Solo House / Pezo von Ellrichshausen

Solo House / Pezo von Ellrichshausen

© Cristobal Palma / Estudio Palma© Cristobal Palma / Estudio Palma© Cristobal Palma / Estudio Palma© Cristobal Palma / Estudio Palma+ 22

Cretas, Spain
  • Collaborators:Diogo Porto, Bernhard Maurer, Valeria Farfan, Eleonora Bassi, Ana Freeze
  • Builder:Ferras Prats
  • Structural Consultant:Jose Perez
  • Building Services:Ineco, Pablo Rived
  • Architects In Charge:Mauricio Pezo, Sofia von Ellrichshausen
  • City:Cretas
  • Country:Spain
More SpecsLess Specs
© Cristobal Palma / Estudio Palma
© Cristobal Palma / Estudio Palma

Construction Plan
Construction Plan

This unique entity occupies a dominant position in a rural landscape of vineyards and olive groves, set against a general background of medieval villages and rocky outcrops. A bare horizontal volume is detached from the ground, suspended in an almost archaic time.

© Cristobal Palma / Estudio Palma
© Cristobal Palma / Estudio Palma

Transparent and monolithic, the building is balanced on top of a blind pedestal, in such a way that its outline is divided between an elevated portion visible from a distance and another that disappears behind the leaves of native plant species. The aerial realm of the platform indicates the cardinal points. A panoramic perimeter ring punctuated by sixteen columns placed at regular intervals accommodates a sequence of rooms with undefined functions.

These crystalline, symmetrical living spaces are mutually independent and are linked by four open terraces at their corners. This portico is too narrow to contain a static living room and too deep for a balcony- cum-viewing platform. In this aerial realm, the only closed room (in the center) is not roofed; its four walls are perforated at their central point, while the floor is of water (the gentlest paving known to man), which reflects the sky.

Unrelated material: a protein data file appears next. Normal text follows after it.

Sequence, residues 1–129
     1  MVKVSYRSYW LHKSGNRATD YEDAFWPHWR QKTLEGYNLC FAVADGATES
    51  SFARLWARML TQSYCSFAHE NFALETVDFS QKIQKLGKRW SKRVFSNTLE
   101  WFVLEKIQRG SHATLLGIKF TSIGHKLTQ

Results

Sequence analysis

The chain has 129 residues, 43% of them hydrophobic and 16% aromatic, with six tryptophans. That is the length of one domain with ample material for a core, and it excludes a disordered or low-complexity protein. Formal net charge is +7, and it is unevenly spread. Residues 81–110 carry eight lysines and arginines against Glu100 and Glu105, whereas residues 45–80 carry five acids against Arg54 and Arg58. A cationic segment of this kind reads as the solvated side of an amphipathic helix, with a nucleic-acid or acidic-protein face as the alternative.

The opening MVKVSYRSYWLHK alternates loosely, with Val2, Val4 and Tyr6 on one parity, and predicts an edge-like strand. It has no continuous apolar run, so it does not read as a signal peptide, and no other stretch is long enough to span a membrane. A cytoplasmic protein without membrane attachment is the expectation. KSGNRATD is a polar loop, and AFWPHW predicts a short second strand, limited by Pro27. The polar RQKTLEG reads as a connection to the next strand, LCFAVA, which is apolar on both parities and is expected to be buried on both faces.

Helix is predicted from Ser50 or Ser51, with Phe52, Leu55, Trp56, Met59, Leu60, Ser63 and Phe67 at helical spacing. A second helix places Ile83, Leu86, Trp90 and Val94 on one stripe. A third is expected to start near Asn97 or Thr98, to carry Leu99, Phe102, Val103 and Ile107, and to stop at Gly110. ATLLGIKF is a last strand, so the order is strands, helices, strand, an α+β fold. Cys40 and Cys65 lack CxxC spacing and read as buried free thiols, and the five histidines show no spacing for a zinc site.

© Cristobal Palma / Estudio Palma
© Cristobal Palma / Estudio Palma

After going along a sloping straight path, a bifurcated set of steps shapes the entrance; entering the house is like going into a twin tunnel that encircles the central swimming pool, with small openings set diagonally that allow glimpses of sky across the water. Under this access level a building services passageway goes around a room without use (and with scant overhead lighting).

The volume unity has something of the generic schema about it; its monumentally risky structure disappears in the outlines of its mass. It would seem that when Chilean theoretician Juan Borchers said that ‘architecture was physics incarnate,’ he was speaking not only of loads and tensions, but of life itself, which erases their effort.


Project gallery

See allShow less
About this office
Cite: "Solo House / Pezo von Ellrichshausen" 27 Mar 2014. ArchDaily. Accessed . <https://www.archdaily.com/489980/solo-house-pezo-von-ellrichshausen> ISSN 0719-8884
Read comments
Read comments

You've started following your first account!

Did you know?

You'll now receive updates based on what you follow! Personalize your stream and start following your favorite authors, offices and users.